Star of David Christmas tree-toppers take holiday by storm

Between evangelicals and people in interfaith relationships, Christmas tree toppers are selling like hot cross buns.

December 6, 2011 01:05
3 minute read.
Star of David tree-topper

Star of David tree-topper_311. (photo credit:


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NEW YORK – Two Jewish-born entrepreneurs are a somewhat unlikely source for some equally unlikely holiday hits: the Hanukkah Tree Topper and Star of David Tree Topper.

Those looking to top their Christmas trees with a Jewish star can find such ornaments online, and between evangelical Christians and people in interfaith relationships, the tree toppers are selling like hot cross buns.

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Christmas Trees from KKL-JNF Forests

Morri and Marina Chowaiki have sold “thousands” of their Hanukkah Tree Toppers, a Star of David “menorahment” intended to be placed on top of a Christmas tree.

Morri Chowaiki was raised Jewish in Los Angeles, and Marina was raised in Melbourne, Australia, by a German Jewish mother and Greek Orthodox father. While Marina grew up celebrating Christmas, Morri did not. The couple decided to decorate their home for Christmas in 2005, and trimmed their Christmas tree with blue and silver decorations, including dreidels, as a tribute to both their faiths.

“She decorated a tree and put a five-pointed star on top,” Morri recalled.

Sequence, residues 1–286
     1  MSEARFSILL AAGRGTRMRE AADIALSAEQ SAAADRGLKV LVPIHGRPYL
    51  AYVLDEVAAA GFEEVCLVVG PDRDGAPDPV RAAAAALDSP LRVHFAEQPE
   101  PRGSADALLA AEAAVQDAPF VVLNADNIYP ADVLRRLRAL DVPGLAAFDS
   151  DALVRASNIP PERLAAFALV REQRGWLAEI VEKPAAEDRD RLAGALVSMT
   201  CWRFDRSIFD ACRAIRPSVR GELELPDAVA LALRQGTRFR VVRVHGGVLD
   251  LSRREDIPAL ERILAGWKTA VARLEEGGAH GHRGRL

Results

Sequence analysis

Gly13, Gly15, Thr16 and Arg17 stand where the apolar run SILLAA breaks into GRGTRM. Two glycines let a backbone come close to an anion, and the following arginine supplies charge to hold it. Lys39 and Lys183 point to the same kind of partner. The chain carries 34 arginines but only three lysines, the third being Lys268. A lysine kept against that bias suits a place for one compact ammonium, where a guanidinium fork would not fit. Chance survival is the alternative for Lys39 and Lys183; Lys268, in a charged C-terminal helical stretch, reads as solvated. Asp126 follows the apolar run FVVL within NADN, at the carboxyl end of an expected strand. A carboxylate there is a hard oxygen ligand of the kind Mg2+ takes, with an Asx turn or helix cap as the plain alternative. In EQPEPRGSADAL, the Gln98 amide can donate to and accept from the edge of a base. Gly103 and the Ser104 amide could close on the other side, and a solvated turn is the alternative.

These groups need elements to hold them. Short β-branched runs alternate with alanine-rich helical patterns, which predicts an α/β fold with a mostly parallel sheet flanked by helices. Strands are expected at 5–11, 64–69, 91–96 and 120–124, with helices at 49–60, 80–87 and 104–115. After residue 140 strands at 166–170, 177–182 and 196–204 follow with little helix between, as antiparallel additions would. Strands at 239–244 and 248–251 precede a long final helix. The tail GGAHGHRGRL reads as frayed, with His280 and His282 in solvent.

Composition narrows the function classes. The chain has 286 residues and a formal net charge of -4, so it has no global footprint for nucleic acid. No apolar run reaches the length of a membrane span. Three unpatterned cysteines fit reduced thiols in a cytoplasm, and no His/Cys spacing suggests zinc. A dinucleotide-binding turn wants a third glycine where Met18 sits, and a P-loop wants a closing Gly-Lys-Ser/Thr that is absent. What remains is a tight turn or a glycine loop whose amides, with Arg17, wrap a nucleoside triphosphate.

“I asked with a bit of a chuckle, ‘Couldn’t you put a Jewish star on it?’ She said she couldn’t find one. I said I would, and I couldn’t. That’s how the idea was born.”

He filed for a patent for his six-sided silver Star of David and started selling it on Amazon in 2009. Since then, he says, his Hanukkah Tree Topper has become the site’s No. 1 selling tree topper, as well as its No. 1 selling Hanukka item.

The Hanukkah Tree Topper is also now sold on SkyMall, the in-flight shopping service, as well as online at Home Depot and Sears. Thousands of units have been sold in the US, Canada, the UK, Austria, Ireland, Australia and Mexico.

“The primary audience is interfaith families, but we also get many orders from people who want a symbol of Israel and peace on their tree, when in fact no one in their home is Jewish,” Morri Chowaiki said.

“We’ve received tons of positive feedback and hundreds of photos of people’s trees on our Facebook page with their star on top.”

Raphael Varnassal, another online retailer at, designed a Star of David Tree Topper for his family’s Christmas tree in 2010. He and his siblings were raised Jewish, but his father was Catholic.

“So far, sales have been pretty strong, especially during the Black Friday weekend,” Varnassal said, alluding to the shopping days immediately after Thanksgiving.

“As expected, most customers are from interfaith families or in interfaith relationships. However, I’ve been surprised by the positive response has gotten from the religious Christian community,” he said.

Varnassal noted that he’d had “a lot of very nice dialogue and interactions through blogs and social networks” with the Christian community.

“I believe for some of them, the Star of David also has an important religious symbolism as it does for the Jewish people,” he said.

Chowaiki said he didn’t feel Hanukka and Christmas should or could be integrated into a single holiday.

“Both are equally important and should be celebrated as such,” he said. “We celebrate both.”

He added that “for people who want to celebrate Christmas with a tree, stockings, gifts, lights and the like, and have someone Jewish in the home, the tree topper gives those people an opportunity to have their culture represented as well in a beautiful and meaningful way.”

Varnassal explained that “for my family, the Star of David is a Jewish symbol, but one that carries a meaning which transcends a single religion. The six points of the star point in all directions with symmetry and balance. Therefore, it represents an equilibrium that applies to everyone.”

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